A snapshot profile of today’s Facebook as a marketing platform

Facebook's High-Wire Balancing Act Continues

Note to marketers who have been investing in Facebook: Fasten your safety belts.

Once again, Mark Zuckerberg is changing the algorithm that determines what users will see in their newsfeed.

Give Facebook credit. They announced some time ago the intent to make social media social again, and the change in algorithm is intended to give more visibility to status updates from friends and family. Positive social engagement should increase as a result.

The ancillary benefit for users is that their newsfeed will not feel bogged down by commercial content. But once again, marketers have to take a hard look at their Facebook spend.

The question: Should brands write off Facebook as a marketing vehicle?

Diosclosure: We make no money off media investments that clients make in Facebook. So our views below are relatively unbiased.

And our view on this is no, marketers shouldn’t abandon Facebook as a means of building brand awareness or community involvement.

Rationale: Mark Zuckerberg is walking a tightrope, balancing a publicly traded company’s need to hit quarterly numbers (which comes from ad revenue), and the largest social media platform’s need to remain committed to being essentially social, not commercial.

We think that Facebook’s decisions will pay off in the long run, and marketers should be reassured by the fact that Facebook literally cannot afford to push out brands altogether. So at least in the short term, there will still be opportunity for brands to market through Facebook.
In the midterm, we continue to watch the multi-year trend of sliding Facebook usership among key demographics.

Advice: Target and Moderate

Our position on Facebook is that while there are excellent targeted opportunities on the platform, our clients should not overinvest in a marketing tactic that fluctuates in reach (and therefore value) and which lacks policy transparency.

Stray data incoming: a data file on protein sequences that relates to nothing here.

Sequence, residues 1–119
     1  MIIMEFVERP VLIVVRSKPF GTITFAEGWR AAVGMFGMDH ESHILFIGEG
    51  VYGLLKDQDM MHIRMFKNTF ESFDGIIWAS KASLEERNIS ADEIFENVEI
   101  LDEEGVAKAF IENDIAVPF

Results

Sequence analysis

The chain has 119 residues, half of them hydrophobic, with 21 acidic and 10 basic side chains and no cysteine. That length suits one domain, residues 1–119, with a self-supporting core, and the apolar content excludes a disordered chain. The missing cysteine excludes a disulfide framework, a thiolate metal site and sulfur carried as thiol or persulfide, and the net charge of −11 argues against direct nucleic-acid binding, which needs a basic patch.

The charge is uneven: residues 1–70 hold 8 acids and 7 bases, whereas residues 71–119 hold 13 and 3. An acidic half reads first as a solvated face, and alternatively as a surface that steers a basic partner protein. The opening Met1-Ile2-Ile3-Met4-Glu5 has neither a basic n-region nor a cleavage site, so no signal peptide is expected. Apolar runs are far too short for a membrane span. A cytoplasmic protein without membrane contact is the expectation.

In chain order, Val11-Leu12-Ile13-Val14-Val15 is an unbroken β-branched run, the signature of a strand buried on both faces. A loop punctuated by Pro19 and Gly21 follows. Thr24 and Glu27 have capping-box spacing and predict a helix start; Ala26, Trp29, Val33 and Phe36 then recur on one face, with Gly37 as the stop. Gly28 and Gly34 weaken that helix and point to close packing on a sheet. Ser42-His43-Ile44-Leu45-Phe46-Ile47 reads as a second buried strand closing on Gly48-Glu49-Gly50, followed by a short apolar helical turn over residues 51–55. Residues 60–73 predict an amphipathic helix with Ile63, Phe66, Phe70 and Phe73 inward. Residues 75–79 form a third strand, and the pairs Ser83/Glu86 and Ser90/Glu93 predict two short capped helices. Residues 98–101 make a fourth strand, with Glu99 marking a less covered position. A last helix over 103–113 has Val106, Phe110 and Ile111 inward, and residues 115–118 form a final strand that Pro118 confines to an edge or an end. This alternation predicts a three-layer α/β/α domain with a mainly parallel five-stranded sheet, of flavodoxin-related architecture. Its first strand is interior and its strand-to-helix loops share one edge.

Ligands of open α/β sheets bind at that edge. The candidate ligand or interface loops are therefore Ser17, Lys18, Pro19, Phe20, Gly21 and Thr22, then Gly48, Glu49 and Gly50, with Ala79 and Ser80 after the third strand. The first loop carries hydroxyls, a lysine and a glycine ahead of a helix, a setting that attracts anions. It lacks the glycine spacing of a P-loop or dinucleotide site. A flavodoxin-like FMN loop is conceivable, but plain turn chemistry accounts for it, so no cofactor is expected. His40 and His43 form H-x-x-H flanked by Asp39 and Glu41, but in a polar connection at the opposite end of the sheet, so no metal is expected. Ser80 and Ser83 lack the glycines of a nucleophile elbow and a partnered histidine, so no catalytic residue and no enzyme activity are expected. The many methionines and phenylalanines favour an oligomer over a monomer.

If you want to talk further about Facebook or targeted marketing over a beverage, please contact us, and stop by for a beverage.

The 3 Big Problems with Marketing in the Marine Industry

dcblog-keepafloatIf you’re a marketer in the boating industry the thought may have occurred to you that, for all its emphasis on product advancement, the sector as a whole is still stuck in the mud on some very important marketing issues. Here’s our 2 cents and nickel of advice.

1. Viewing the product as an end result rather than part of a larger experience.

Manufacturers at every level – from premium yachts to the smallest pieces of on-board equipment – tend to see their product as an endpoint. This explains the rigid content focus on specs, images that isolate the product, and very little emphasis on how the product enables the end user to have a certain kind of experience.

Our work with Hinckley was a rare departure from this – a website that balanced boat images with environmental backgrounds. The result: An emphasis on a lifestyle aesthetic of which the boat was a key component.

What to do about it: Rethink visual branding. Reacquaint yourself with ingredient branding. And start talking to photographers and agencies who understand how products fit in the world of consumer experience.

2. Homogeneity in ad content.

Flip through any of the major boating mags and you’ll see the same thing month after month: an ocean of blue sky, white hulls and water spray, and blonde women in bikinis stretched out and sunning themselves on the deck.

Boat and product manufacturers need to know this: Effective print advertising is predicated on capturing attention through differentiation – quickly.

The rule of thumb is 2.0 seconds. That’s how long you have to distinguish the ad’s visual presence and enable the reader to create a mental impression of the content. If your imagery and language is indistinguishable from its surroundings, there’s even less possibility the reader will grasp it.

What to do about it: Start thinking outside the boat and the bikini. Experiment with different logo placements in your layouts. Add a new signal color to the brand standards. Start using imagery –photography, illustration, graphics, fonts – that takes a different path from the advertisers you call your competition.

3. Consistency

Consistency is good in advertising – to a point. But a media buy that secures the same ad space over time will have diminished effectiveness. Here’s why:

Consumer preference is a bell curve as it relates to advertised products. Initial exposure, if repeated, will result in awareness and interest.

But repeated reinforcement will peak and decline over time – and overexposure creates perceptions of overabundance and lower quality. Think about the steady frequency with which many low-end consumer products are advertised – fast food, personal injury attorneys, big-box furniture stores. The painful consistency of their message turns their advertising into cheap wall paper.

What to do about it: Change ad creative content frequently. Reconsider your media mix with no sacred cows. Explore online ad placement outside of boating sites. And contact us.

If you’re a marine or boating brand and you’re tired of cruising in the same waters, contact us.